BRODHEADSVILLE, MONROE COUNTY (WBRE/WYOU) — Earning a Gold Award in the Girl Scouts is the highest honor a scout can achieve. One girl scout from Saylorsburg wanted to help her fellow students turn the page on COVID and mental health.

Emilee Roberti of Saylorsburg is a long-time girl scout who has recently taken up painting as a hobby and is very passionate about her art.

The school librarian, Sandra Reilly, saw this passion and wanted to help her grow.

“Painting for me was a good way for me to get my mental health better. Mrs. Reilly knew that. So it was very nice for her to be like come here in your free time and debrief,” Roberti said.

As a girl scout, she was searching for a Gold Award Project. She had a few ideas, but one of them stuck out.

“Mrs. Reilly came to me about sophomore year, because I got really into painting. She was like you should definitely paint something in here. So I painted a bookshelf with titles of some of the most popular literature,” Roberti added.

Her project bound together several of her passions, making it an easy decision.

“It also has florals on it and it’s really pretty. So it shows the inner beauty of the library, that there’s not just books. There’s a lot more to come into the library for,” Roberti explained.

One of her favorite parts of the project was including a scannable QR code with the mural. The code would direct students to online mental health resources.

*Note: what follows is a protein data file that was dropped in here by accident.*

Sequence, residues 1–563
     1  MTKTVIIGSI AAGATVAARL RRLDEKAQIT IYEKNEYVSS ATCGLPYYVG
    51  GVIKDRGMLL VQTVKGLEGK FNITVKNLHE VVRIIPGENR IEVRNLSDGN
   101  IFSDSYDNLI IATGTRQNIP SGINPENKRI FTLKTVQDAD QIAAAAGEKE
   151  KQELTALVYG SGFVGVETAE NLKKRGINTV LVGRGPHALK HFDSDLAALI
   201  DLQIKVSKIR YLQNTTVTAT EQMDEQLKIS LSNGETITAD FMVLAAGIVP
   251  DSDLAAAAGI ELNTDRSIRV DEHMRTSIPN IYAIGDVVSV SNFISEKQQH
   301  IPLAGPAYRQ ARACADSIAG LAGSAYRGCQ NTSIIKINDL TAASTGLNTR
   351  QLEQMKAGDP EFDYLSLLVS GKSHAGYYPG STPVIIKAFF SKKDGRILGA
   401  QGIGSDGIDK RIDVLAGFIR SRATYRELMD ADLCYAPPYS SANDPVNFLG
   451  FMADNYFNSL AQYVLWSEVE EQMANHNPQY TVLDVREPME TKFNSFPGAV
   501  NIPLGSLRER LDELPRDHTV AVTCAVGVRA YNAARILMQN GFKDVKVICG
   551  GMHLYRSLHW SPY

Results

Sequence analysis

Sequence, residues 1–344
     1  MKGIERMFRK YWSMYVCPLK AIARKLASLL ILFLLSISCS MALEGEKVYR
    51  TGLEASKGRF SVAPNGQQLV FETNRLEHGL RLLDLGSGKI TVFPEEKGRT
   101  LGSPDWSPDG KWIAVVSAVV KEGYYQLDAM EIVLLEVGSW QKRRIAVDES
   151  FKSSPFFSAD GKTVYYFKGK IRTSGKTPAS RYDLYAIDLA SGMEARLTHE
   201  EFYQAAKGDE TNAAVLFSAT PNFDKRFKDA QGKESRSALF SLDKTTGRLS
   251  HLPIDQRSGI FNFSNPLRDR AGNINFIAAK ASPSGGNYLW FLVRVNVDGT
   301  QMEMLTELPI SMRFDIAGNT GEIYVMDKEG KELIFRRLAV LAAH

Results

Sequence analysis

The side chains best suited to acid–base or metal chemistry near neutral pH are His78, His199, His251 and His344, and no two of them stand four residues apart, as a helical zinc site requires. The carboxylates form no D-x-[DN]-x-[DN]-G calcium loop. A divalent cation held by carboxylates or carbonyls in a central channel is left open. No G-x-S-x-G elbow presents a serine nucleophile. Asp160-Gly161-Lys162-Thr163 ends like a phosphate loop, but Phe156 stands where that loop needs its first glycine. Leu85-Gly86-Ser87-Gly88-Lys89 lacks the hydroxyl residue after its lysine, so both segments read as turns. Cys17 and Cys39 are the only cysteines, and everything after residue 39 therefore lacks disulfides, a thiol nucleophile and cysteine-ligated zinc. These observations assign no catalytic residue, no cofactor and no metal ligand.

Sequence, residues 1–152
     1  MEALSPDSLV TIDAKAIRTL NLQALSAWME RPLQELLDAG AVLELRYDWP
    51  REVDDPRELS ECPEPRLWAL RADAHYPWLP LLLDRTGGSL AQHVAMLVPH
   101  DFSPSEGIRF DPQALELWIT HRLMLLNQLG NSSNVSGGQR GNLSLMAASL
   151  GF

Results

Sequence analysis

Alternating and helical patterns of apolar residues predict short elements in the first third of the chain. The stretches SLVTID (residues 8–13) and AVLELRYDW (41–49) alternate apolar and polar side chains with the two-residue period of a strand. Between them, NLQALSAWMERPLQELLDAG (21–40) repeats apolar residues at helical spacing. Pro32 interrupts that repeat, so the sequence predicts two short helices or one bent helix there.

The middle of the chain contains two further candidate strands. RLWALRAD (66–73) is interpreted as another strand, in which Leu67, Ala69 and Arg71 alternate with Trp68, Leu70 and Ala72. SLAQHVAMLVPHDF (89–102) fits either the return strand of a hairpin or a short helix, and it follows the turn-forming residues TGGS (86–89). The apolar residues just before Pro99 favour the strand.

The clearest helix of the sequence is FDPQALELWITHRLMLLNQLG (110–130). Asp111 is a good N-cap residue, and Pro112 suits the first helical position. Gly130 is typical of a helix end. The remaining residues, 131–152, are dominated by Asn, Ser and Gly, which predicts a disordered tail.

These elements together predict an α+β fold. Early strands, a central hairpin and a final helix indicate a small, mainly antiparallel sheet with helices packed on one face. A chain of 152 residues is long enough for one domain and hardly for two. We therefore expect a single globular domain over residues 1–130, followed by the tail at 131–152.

“It was also a discreet way for students to get mental health help who weren’t necessarily okay with going down to the guidance counselor. They were able to just sneakily scan the QR code and have the resources that they needed in the palm of their hand,” Roberti continued.

Emilee worked with their student group Aevidum to help implement her idea at the school.

“So mental health was something that I felt very strongly about, and was a huge advocate for in high school. Because I know since the pandemic it was a big thing that a lot of students struggled with,” Roberti stated.

After over 80 hours of work, she is happy with her latest work of art and overjoyed to know her work could help students for years to come.

“I just hope that it creates a welcoming experience for everyone that sets foot in the library. That it helps those that are struggling with mental health that don’t necessarily have access to, that they have access to it now,” said Roberti.

Here’s to you, Emilee!

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